Here is St Giles’ Church, Cripplegate, seen from the public walkway at Wallside. The church is surrounded by the Barbican Estate. Cromwell Tower is in the background. The City of London School for Girls is the lower building, centre and left. Through the gap between the church and the school, you can just glimpse the Barbican Centre.
The magnolia was in bloom!
I painted this as a commission, for some clients who wanted this particular view. A special request for this commission was that I showed two ducks. These are small, but they are there!
The white shapes on the lakeside wall are gravestones.
Old London Wall is on the left: part stone, part brick. This is the old Roman wall round the City of London.
Thank you to my clients for this commission and for their permission to post the picture here online. It was a real pleasure to do.
The colours I used are:
For the sky: a pale yellow wash of permanent yellow deep, followed by a grey made from ultramarine blue and burnt umber, with some ultramarine blue for the blue bits.
For the church: the stone is a pale yellow wash of permanent yellow deep, then a dilute buff titanium wash. I put salt on it to get some texture. Then the dark areas are a grey made from ultramarine blue and burnt umber.
The top part of the church, St Giles Terrace and all the reddish/purple brickwork is a combination of perylene maroon, burnt umber, fired gold ochre, and a bit of ultramarine blue for the dark areas.
The lake, which really is that green colour, is ultramarine blue, plus some serpentine genuine which makes it granulate.
All concrete is the same mix of burnt umber and ultramarine blue with some mars yellow.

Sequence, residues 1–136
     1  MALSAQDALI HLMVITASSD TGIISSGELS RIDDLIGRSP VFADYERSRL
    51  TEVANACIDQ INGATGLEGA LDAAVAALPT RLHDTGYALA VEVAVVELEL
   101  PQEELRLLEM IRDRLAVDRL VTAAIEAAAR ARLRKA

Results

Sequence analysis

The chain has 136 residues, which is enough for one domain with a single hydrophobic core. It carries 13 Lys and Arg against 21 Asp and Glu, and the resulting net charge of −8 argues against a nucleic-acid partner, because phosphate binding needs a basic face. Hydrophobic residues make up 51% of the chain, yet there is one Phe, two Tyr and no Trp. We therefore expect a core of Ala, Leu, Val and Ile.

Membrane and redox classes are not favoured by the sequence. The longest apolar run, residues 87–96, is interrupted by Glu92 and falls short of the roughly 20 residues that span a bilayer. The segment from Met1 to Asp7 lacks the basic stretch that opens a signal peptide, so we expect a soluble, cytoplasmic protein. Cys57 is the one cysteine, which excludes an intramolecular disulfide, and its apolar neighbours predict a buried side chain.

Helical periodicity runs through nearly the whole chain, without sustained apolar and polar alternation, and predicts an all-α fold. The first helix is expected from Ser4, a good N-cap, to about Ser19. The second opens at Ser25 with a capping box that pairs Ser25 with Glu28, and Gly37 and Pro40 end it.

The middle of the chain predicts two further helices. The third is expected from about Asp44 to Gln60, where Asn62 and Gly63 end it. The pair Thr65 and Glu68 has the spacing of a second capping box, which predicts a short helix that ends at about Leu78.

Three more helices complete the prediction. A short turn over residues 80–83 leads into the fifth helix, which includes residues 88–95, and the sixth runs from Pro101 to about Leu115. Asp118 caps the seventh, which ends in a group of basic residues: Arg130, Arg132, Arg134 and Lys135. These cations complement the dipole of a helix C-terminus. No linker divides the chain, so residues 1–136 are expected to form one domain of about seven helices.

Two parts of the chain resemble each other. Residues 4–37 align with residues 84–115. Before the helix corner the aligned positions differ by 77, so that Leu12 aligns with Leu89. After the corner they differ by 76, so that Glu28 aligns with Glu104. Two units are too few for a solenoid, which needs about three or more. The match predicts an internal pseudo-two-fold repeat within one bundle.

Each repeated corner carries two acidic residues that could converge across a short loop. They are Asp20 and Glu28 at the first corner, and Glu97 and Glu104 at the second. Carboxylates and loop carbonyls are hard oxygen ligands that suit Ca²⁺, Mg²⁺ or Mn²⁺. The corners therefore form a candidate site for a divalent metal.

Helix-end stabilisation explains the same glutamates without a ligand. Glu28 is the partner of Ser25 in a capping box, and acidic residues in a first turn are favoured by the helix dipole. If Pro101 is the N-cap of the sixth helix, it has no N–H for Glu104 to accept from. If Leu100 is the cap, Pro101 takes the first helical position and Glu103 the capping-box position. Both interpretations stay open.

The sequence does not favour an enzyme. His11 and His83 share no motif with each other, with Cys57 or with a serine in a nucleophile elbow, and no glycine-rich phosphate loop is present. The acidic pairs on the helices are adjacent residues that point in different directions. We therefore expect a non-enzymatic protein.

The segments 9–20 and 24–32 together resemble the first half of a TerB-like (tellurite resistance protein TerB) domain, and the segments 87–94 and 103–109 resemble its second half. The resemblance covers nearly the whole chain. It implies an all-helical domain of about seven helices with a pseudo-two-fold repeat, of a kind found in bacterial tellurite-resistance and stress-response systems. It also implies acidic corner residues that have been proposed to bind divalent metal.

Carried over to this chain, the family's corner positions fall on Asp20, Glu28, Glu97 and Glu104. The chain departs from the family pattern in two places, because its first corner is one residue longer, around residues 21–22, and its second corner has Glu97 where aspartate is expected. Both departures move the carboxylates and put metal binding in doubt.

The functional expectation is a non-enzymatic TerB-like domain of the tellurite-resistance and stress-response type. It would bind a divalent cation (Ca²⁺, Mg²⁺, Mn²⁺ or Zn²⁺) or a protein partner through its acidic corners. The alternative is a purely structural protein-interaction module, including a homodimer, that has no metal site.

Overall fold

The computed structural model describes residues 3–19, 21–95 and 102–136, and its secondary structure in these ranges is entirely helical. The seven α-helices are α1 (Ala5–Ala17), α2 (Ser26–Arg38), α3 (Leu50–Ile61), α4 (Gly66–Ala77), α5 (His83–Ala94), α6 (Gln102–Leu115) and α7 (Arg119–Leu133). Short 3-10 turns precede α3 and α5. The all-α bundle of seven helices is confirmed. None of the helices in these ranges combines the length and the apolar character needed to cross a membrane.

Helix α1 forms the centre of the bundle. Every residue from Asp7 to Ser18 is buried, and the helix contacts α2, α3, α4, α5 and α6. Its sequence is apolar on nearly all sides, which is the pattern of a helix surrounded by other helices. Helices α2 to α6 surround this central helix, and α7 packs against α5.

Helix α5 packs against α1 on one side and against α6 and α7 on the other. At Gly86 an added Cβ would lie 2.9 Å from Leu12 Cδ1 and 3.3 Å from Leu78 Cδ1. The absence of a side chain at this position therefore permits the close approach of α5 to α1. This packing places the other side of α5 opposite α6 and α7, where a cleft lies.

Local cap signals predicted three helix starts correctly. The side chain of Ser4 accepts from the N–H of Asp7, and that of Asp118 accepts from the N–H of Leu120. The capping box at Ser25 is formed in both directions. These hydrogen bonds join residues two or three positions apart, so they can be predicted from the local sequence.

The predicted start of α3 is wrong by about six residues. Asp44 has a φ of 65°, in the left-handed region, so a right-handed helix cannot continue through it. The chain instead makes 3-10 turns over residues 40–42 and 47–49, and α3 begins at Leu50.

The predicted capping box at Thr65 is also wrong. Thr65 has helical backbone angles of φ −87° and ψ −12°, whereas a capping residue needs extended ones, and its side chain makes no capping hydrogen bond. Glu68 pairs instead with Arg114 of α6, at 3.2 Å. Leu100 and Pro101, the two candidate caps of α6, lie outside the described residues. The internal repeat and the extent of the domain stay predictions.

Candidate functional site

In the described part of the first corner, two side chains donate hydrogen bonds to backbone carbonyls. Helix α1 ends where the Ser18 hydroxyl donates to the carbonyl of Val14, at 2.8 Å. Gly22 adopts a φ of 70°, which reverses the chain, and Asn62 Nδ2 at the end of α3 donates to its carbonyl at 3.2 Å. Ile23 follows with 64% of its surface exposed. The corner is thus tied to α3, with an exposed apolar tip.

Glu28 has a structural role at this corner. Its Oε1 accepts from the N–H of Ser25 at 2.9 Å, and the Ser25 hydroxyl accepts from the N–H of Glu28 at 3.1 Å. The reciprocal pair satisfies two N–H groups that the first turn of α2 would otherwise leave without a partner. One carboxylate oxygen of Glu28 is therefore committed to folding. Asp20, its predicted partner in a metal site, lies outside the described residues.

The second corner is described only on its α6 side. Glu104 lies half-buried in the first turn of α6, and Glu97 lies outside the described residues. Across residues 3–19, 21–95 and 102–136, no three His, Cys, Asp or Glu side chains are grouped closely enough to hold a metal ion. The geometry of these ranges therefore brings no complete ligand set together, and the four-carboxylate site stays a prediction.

Old London wall is the pale yellow wash of permanent yellow deep, with a second wash of lunar blue with burnt umber. Lunar blue is highly granulating, which gives a wonderful stone effect. The bricks are fired gold ochre.
All green plants are green gold, and there’s also some green gold on the stonework of the church, to show the lichen.
The weathervane is Liquitex gold ink, applied with a fine brush.
The line drawing is done with a Lamy Safari fountain pen, using De Atramentis Black ink, which is waterproof.
The white parts of the picture, for example the lines between the bricks on Old London Wall, (and the ducks) are done using a resist. This is a rubbery substance, applied before putting on any paint. The resist I use is called Pebeo Drawing Gum. I put it on using a dip pen to get the fine lines. After the paint is dry, I rub it off, and the parts where it was show up white. There are also a few tiny dots of white gouache paint on the magnolia tree.
The paper is Arches Aquarelle 300gsm 12″ x 9″ in a block.